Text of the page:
|20K Designer Beads|
What does all this mean for people that make jewelry for a living or a hobby or the customers that purchase their products? It of course, means the price is going up and staying there for the foreseeable future. Ways we can deal with this are cutting down the quantity of metal we use in our designs, use old stock or do what we must do eventually pass it on to our customers. It does raise the intrinsic value of the items we design and this is always a plus. Make the metal the focus and this will bring to the mind of the viewer that it is a thing of value. I use metal as a way to bring in light and sparkle which just needs a touch here and there to achieve the desired effect. Being creative people, beaders will come up with innovative ideas as they work this new factor into their creations.
GOLD!!! is rated in various purity amounts such as 10k, 14k, 18k, 20k or 22k. Pure GOLD is 24k. 10k designates that it is 10 parts pure gold and 14 parts other metal this holds true for 14k, etc. The total of parts always adding up to 24. Adding other metals to gold increases durability and the choice of metal effects the resulting color. Silver, platinum, palladium, zinc and nickel create a white gold while copper creates a rose gold. The choice of metal of course does not effect the purity of gold and there is no way of knowing exactly what metal has been added.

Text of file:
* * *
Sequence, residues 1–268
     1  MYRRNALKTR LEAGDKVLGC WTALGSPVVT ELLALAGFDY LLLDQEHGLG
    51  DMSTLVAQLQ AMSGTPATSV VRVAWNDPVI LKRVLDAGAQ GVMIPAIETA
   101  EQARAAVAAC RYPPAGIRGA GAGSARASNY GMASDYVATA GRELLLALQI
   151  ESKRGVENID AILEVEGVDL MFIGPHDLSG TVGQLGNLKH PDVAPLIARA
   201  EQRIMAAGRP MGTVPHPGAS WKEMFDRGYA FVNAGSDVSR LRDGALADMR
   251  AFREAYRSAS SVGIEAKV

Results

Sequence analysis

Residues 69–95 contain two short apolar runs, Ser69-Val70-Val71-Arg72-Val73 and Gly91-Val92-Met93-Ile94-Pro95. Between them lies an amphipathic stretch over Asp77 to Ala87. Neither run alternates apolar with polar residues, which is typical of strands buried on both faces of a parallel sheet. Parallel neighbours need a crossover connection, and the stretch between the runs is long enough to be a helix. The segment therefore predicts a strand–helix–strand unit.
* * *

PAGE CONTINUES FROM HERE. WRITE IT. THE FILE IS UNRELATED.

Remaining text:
|Brushed Sterling Beads|
|22k Vermeil Bead Cap|
Another very useful metal for jewelry crafters is Vermeil which is solid silver with a covering of gold. The thickness of the gold must be 2.5 micrometers thick (or approximately 1/10000ths of an inch) . The base metal must be solid sterling or it is not considered Vermeil. The thickness is fine for jewelry making as most items are not worn for an extended period of time.
All metals will keep well if stored in an airtight container! They stay bright and shiny without exposure to air (oxygen).
Hope this article has added to your knowledge of precious metals and how to manage them in your jewelry designs.
(Please click on the caption under the image of the bead to go to that item. Clicking on the image leads to an error message.:)
Sylvia C. Rose-Johnson
The Silver Rose